I had one of those moments recently. You know the kind, I-grew-up-in-church-my-whole-life-but-never-noticed-this-in-the-Bible-before moments. I’m not the only one that has those moments, right? It was during a sermon looking at the rich young ruler in Luke 18 and then the story of Zacchaeus in Luke 19. Anybody else ever notice the parallels between those two stories? Did you realize that they were just one chapter away in the Bible? Pretty cool, but I’ll let you dig further into that on your own.
What really stood out to me was from Zacchaeus’ story. Zacchaeus wasn’t changed by the list of rules that the rich young ruler tried to keep. What changed Zacchaeus was seeing and having an encounter with Jesus. Isn’t that such good news for those of who want to be used by God for His Kingdom purposes?
We aren’t pointing people to a list of rules but to experience our Savior! And isn’t that one of the reasons we love ministering with young adults? They are turned off by a “just do this because that’s the way it’s supposed to be” approach but they are like sponges when it comes to interacting with the person of Jesus! What a privilege we have to point young adults to Jesus at such a critical time in their lives.
Here are three ways I think we can emphasize helping young adults see Jesus:
1. Ask lots of questions.
Don’t fall to the temptation of just talking at young adults during your designated teaching times with them. Emphasize opportunities to ask questions and give them time to think and respond. Once this becomes part of your ministry culture, you will see young adults become more engaged and really grapple with the truths you are teaching which will lead to fruit in their lives.
2. Emphasize life on life discipleship.
Look for ways to let young adults gain access into your life. If they only spend time with you during a Sunday School lesson, they will never see how you interact with your spouse, lead your children, or treat a restaurant server. Real life situations open up opportunities to see the true life of a disciple and lead to conversations about Jesus that may never happen in a classroom setting.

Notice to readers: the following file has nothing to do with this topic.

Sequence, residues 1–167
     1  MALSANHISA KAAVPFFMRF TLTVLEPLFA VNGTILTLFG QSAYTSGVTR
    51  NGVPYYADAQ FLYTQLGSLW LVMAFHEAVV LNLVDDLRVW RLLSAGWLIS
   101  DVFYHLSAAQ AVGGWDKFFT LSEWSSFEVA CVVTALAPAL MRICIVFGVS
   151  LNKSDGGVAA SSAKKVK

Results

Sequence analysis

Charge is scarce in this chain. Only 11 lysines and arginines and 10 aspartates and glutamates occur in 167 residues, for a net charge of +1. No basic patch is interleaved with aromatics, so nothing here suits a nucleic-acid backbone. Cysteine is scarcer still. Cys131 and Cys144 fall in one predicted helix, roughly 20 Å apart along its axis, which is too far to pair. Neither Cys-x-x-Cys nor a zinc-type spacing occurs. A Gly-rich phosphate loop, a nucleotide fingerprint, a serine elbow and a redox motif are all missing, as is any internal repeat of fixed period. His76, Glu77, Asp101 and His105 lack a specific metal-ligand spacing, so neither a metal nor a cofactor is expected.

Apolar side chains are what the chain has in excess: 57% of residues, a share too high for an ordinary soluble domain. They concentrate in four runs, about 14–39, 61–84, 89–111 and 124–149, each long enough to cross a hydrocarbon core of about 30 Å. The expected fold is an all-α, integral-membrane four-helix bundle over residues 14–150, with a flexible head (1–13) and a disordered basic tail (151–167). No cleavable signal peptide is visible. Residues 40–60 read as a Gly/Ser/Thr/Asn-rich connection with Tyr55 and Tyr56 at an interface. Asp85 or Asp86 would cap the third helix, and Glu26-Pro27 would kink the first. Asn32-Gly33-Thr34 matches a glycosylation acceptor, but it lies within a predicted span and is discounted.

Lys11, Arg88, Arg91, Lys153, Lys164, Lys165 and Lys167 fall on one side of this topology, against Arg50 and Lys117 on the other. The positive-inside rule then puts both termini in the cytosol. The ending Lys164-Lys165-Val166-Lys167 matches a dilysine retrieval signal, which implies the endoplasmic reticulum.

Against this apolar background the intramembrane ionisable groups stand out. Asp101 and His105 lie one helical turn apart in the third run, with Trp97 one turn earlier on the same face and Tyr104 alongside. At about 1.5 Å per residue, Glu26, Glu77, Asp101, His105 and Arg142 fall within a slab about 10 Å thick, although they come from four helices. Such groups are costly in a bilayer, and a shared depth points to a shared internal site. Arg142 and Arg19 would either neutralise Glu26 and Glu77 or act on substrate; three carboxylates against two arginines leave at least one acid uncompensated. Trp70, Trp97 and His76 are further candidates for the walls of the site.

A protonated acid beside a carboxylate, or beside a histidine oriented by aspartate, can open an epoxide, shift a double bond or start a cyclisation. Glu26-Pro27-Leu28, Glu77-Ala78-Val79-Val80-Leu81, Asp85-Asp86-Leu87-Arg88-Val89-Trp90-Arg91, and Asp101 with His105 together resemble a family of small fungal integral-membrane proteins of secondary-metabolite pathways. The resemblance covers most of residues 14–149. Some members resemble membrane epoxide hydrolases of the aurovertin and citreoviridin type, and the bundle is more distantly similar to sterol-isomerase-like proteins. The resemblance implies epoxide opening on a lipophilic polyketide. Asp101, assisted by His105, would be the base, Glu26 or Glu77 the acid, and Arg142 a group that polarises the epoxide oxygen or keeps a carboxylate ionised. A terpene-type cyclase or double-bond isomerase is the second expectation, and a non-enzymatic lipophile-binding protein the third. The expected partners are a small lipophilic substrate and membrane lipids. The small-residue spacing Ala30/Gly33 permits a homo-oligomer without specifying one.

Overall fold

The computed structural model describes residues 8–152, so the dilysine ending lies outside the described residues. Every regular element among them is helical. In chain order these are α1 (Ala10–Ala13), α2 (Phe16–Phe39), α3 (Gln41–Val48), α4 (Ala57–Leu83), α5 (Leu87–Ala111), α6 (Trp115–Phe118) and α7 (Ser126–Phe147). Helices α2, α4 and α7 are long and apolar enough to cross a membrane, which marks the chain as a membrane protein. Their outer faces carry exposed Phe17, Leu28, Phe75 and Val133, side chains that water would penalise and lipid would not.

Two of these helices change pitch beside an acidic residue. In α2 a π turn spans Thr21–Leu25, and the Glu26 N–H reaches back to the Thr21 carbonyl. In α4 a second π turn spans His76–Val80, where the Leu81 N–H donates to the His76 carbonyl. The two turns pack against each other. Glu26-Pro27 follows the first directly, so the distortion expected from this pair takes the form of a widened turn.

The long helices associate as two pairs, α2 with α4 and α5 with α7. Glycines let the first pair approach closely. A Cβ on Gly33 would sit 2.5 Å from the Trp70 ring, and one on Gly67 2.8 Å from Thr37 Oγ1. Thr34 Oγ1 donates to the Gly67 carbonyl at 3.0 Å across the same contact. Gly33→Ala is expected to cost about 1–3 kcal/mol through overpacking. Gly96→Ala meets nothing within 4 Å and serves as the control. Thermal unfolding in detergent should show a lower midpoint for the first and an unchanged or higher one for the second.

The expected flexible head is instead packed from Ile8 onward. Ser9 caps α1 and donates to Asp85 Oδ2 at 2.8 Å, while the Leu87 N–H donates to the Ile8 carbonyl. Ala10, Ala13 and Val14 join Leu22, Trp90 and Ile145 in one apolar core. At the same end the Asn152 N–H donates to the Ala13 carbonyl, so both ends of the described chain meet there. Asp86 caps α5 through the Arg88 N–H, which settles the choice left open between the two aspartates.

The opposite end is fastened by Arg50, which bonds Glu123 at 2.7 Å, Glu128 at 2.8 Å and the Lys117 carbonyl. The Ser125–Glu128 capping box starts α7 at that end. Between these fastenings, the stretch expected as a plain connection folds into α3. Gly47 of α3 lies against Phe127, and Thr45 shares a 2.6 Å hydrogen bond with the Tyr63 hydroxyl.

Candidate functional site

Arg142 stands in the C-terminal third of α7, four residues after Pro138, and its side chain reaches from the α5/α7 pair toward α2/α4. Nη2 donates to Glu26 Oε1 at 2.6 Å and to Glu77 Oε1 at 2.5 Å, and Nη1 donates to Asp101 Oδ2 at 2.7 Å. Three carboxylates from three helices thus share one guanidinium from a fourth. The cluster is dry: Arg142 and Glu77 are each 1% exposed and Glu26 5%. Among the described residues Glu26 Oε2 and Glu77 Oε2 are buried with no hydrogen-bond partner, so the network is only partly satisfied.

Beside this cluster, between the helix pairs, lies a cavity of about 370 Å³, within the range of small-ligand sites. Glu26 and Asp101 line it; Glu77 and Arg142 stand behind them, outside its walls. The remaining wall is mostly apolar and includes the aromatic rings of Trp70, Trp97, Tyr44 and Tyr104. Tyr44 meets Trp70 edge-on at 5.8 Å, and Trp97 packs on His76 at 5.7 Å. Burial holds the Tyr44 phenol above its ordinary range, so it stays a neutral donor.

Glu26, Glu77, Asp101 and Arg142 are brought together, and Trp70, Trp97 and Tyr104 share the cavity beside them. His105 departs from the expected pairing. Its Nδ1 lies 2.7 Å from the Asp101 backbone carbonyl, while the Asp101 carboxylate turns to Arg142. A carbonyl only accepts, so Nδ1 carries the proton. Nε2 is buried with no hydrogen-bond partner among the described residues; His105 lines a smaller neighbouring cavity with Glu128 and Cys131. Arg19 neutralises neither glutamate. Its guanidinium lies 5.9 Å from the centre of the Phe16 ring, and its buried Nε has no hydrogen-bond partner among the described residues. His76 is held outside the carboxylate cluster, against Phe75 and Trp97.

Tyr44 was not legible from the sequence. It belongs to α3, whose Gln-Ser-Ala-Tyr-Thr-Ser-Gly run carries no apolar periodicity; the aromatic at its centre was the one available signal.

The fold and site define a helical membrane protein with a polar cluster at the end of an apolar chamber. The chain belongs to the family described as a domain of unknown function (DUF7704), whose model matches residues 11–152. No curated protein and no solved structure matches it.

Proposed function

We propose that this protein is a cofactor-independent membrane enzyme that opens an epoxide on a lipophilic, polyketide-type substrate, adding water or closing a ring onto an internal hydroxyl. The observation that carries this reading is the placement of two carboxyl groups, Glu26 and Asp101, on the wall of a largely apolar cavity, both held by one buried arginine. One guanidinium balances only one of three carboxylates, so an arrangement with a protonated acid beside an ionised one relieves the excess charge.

3. Offer a safe place to fail.
Give young adults a chance to lead out in ministry and be there for them if they fail. If they drop the ball, don’t just move on and recruit another leader. Instead, make sure they know you believe in them and take the time to talk through what they think went wrong and how they might do things differently in the future. This kind of grace and hands-on discipleship shows up in Jesus’ relationships with the disciples all throughout the Gospels, but may be rare in the experiences of young adults.
If I peaked your interest, go ahead and take another look at Luke 18 and 19. Also be encouraged: those of you who minister to young adults are sovereignly placed to impact the Kingdom as you help young adults see Jesus through your interactions with them.
Bill Noe is the event coordinator for Lifeway Young Adults and Lifeway Men. A former campus minister, Bill loves creating experiences that allow college students to grow in their walk with the Lord.